Campaign to block regulator from charging charities
Potential plans for the Charity Commission to introduce a charging system in order to plug a funding gap resulting from Treasury cuts to its budget have come under fire from a newly formed campaign led by the Directory of Social Change (DSC)
8 Aug 2018
DSC trustee Andrew Purkis, a former Charity Commissioner, has written an open letter to Baroness Tina Stowell, chair of the Commission, opposing a charging system and calling for a wider debate.
In the letter Purkis said: ‘DSC has consistently argued that it has been a short-sighted, counter-productive policy to slash the Commission’s budget in recent years.
‘However, we do not believe that removing the burden from the Exchequer and putting it more onto charities (and by proxy, on charitable donors) is the best course of action or the right one in principle.’
A National Audit Office (NAO) report published in late 2017 flagged up concerns around the Commission’s future funding, which has already decreased from £32.4m in 2005-06 to £25.9m by 2016-17, a real-terms reduction of £11m (34%).
At present 100% of the Commission’s funding is from the Treasury. While there are currently no firm proposals for introducing a charging scheme to raise a proportion of income from charities, the Commission has indicated it would like to launch a consultation on the options.
These could include charging the largest 2,000 charities (2% of the total) a levy, either via a flat fee or a sliding scale, which could raise between £7m and £8m. Other alternatives could see the regulator charging for particular services or based on processes (i.e. submitting reports and accounts).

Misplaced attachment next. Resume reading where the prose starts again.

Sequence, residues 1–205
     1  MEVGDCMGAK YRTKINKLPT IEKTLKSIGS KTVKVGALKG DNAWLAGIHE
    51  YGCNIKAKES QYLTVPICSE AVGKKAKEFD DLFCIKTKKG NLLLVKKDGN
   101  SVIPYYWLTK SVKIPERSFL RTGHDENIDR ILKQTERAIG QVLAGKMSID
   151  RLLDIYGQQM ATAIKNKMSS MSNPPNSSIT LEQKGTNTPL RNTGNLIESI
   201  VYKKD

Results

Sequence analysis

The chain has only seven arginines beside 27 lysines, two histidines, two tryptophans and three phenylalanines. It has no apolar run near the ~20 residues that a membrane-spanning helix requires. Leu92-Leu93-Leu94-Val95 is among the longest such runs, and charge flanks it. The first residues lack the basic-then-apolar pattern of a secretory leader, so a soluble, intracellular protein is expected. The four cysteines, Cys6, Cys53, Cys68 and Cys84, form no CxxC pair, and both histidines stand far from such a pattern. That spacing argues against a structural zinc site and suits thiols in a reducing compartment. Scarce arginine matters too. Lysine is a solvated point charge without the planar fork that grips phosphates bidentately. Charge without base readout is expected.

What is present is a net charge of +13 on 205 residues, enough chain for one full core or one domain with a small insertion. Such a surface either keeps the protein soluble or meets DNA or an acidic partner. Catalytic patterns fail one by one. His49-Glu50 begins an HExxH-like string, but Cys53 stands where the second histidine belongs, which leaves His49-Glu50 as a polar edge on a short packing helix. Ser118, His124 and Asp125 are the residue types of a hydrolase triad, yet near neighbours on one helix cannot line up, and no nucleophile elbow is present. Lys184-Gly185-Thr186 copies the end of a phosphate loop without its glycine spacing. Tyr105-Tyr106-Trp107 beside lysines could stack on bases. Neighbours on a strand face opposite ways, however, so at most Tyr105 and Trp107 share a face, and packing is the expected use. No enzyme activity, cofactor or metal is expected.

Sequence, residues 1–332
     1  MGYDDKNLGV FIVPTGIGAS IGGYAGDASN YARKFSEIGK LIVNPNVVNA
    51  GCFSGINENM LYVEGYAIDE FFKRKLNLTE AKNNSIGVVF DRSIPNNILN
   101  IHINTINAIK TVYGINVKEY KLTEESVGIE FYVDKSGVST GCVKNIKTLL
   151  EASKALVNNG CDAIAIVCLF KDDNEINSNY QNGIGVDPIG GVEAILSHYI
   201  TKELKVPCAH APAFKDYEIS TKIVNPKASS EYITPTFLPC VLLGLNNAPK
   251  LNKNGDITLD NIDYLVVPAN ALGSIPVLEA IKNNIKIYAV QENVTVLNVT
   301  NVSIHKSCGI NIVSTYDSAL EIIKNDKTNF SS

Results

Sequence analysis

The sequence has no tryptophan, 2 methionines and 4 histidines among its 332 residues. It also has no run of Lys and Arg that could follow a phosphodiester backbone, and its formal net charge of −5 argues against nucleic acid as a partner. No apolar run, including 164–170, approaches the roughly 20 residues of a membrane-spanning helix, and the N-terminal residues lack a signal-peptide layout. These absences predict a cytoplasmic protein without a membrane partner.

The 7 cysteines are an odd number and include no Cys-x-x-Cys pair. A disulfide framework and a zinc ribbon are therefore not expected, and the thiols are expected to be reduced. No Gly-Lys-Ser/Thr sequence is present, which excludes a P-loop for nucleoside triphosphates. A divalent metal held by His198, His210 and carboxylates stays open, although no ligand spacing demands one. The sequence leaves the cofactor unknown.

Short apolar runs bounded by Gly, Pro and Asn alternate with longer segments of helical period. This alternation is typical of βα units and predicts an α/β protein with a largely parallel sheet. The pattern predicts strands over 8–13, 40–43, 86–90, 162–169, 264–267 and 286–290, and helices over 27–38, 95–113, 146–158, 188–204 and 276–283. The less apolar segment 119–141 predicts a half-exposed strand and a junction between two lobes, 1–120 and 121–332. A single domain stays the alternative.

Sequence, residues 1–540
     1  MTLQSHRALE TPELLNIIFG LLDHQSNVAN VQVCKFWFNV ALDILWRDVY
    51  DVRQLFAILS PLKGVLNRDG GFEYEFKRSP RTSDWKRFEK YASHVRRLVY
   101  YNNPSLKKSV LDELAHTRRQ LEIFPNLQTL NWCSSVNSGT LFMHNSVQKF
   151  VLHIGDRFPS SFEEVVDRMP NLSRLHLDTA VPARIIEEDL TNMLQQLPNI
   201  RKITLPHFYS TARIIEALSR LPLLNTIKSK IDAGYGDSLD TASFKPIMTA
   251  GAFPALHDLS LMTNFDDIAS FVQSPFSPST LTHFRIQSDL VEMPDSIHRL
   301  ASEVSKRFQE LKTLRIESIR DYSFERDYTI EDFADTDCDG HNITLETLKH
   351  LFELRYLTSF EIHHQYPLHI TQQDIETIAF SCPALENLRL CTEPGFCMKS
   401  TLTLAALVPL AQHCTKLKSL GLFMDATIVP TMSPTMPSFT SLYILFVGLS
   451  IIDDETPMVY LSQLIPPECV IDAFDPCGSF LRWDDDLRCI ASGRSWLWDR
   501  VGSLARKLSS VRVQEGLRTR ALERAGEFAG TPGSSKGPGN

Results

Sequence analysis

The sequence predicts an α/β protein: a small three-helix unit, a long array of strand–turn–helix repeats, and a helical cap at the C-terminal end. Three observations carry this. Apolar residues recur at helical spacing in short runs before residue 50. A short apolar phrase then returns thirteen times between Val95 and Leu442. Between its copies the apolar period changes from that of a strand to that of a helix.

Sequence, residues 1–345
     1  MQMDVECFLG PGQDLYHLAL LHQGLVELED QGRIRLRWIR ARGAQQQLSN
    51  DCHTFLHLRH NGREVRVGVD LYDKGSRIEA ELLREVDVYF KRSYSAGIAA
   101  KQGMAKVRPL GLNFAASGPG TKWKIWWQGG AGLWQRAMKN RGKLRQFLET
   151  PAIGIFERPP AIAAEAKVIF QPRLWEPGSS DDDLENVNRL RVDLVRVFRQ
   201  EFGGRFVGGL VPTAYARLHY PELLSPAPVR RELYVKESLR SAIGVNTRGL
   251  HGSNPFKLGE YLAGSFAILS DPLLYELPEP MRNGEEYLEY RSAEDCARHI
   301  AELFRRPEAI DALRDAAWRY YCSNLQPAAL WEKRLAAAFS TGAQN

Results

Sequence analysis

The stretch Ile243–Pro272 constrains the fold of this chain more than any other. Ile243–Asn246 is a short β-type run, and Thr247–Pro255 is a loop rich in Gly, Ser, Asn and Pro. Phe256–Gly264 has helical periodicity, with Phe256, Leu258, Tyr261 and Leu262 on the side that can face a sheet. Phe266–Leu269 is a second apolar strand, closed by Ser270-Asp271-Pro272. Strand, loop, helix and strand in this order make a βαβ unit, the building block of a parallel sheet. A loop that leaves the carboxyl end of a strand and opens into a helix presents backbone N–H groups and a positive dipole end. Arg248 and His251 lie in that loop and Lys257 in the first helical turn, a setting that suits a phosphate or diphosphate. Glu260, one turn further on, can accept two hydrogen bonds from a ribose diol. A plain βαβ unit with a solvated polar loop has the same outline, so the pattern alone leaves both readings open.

In its Trust in Charities 2018 report, published last month, the Commission said its research showed the proposition of a small levy on charities to fund regulation would have a net positive effect, according to the public, on the extent to which they support charities. Most (75%), however, said paying less than 1p in £10 for charity regulation would make no difference to their behaviour at all.
In his letter Purkis said that charging a levy on all charities could potentially create a significant administrative burden for the regulator, while limiting the levy to only those charities of a certain size risked appearing unfair. He also argued that charging charities for services like filing accounts might compromise compliance.
On publication of the letter, Jay Kennedy, DSC director of policy and research said: ‘It’s increasingly clear that the Charity Commission is not adequately resourced to meet the regulatory challenges it faces. However, there are serious downsides to any proposal where significant parts of its budget are derived from charities.
‘Not least because introducing a levy or charges would be the thin end of the wedge – the more money is raised, the more the Treasury will cut.
‘There are good reasons why the Charity Commission answers to Parliament not a minister or the government of the day – because its independence is critical. We need to explore ways of giving Parliament more of a binding say in how its budget is determined. This could give the Commission more and potentially more stable funding in future.’
DSC is now leading the Campaign Against Charging Charities, and is encouraging those in the sector to register their views via a dedicated website and also to write to the Treasury on the issue.
Letter to the Charity Commission is here:
Report by Pat Sweet